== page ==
Cationic liposome-mediated delivery of reovirus enhances the tumor cell-killing efficiencies of reovirus in reovirus-resistant tumor cells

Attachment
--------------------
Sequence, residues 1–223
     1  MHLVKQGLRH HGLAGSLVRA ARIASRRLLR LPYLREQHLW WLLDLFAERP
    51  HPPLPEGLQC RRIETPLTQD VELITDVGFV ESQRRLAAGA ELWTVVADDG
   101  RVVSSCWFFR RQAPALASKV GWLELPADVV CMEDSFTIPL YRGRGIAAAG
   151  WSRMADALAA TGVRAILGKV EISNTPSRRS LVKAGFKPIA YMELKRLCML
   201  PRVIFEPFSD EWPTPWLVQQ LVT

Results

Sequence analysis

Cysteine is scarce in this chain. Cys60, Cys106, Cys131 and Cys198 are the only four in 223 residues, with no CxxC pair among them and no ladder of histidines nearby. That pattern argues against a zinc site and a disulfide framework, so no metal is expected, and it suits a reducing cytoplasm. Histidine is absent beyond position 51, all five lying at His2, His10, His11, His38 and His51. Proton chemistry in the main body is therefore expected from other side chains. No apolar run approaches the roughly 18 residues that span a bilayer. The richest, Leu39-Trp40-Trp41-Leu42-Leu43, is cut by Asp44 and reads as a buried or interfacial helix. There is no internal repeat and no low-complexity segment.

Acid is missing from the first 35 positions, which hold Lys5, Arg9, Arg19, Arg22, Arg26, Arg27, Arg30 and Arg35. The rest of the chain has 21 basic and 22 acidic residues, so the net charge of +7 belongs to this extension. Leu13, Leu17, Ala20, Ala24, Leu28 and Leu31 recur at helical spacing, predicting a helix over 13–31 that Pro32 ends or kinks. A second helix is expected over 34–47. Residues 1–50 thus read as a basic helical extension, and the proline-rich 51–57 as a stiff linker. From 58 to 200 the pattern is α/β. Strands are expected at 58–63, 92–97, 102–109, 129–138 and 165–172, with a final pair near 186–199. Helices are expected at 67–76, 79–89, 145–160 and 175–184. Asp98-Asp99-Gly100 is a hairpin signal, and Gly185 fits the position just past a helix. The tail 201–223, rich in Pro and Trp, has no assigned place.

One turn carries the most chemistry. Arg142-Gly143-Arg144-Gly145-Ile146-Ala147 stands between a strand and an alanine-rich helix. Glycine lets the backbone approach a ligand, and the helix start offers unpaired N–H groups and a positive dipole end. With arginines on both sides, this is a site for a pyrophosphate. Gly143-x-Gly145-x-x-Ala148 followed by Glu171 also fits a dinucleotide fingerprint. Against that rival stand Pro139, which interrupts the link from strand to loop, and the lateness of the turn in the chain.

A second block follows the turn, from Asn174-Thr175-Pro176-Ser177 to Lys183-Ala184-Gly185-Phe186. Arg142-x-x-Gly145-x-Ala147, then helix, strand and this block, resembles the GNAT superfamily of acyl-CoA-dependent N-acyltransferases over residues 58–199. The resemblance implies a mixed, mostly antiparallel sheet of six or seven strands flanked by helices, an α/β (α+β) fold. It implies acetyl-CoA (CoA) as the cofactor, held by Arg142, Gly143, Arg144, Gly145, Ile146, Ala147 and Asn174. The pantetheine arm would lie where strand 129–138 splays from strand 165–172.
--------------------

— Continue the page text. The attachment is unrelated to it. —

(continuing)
Reovirus induces tumor cell death efficiently and specifically, and thus is currently undergoing clinical testing as an anticancer agent. In the intracellular trafficking of reovirus, proteolytic disassembly of reovirus capsid-proteins and subsequent penetration of viral particles into the cytosol are crucial steps. Cathepsins B and L are largely responsible for the proteolytic disassembly of reovirus. Reovirus efficiently lyses tumor cells exhibiting relatively high activities of cathepsins B and L, while tumor cells with low activities of cathepsins B and L are often refractory to reovirus, probably due to inefficient endo/lysosomal escape. In this study, in order to enhance the tumor cell-killing efficiencies of reovirus by promoting endo/lysosomal escape, especially in reovirus-resistant tumor cells, reovirus was complexed with a cationic liposome transfection reagent. Reovirus alone and reovirus-cationic liposome complex (reoplex) exhibited similar levels of tumor cell-killing efficiencies in reovirus-susceptible tumor cells, while reoplex mediated more than 30% higher levels of tumor cell-killing activities in reovirus-resistant tumor cells than reovirus alone. Reoplex-mediated tumor cell death was efficiently induced in the tumor cells pretreated with cathepsin inhibitors. The mRNA levels of interferon (IFN)-β and apoptotic genes were significantly elevated following reoplex treatment. These results suggest that cationic liposomes efficiently promoted delivery of reovirus to the cytosol, leading to induction of apoptosis.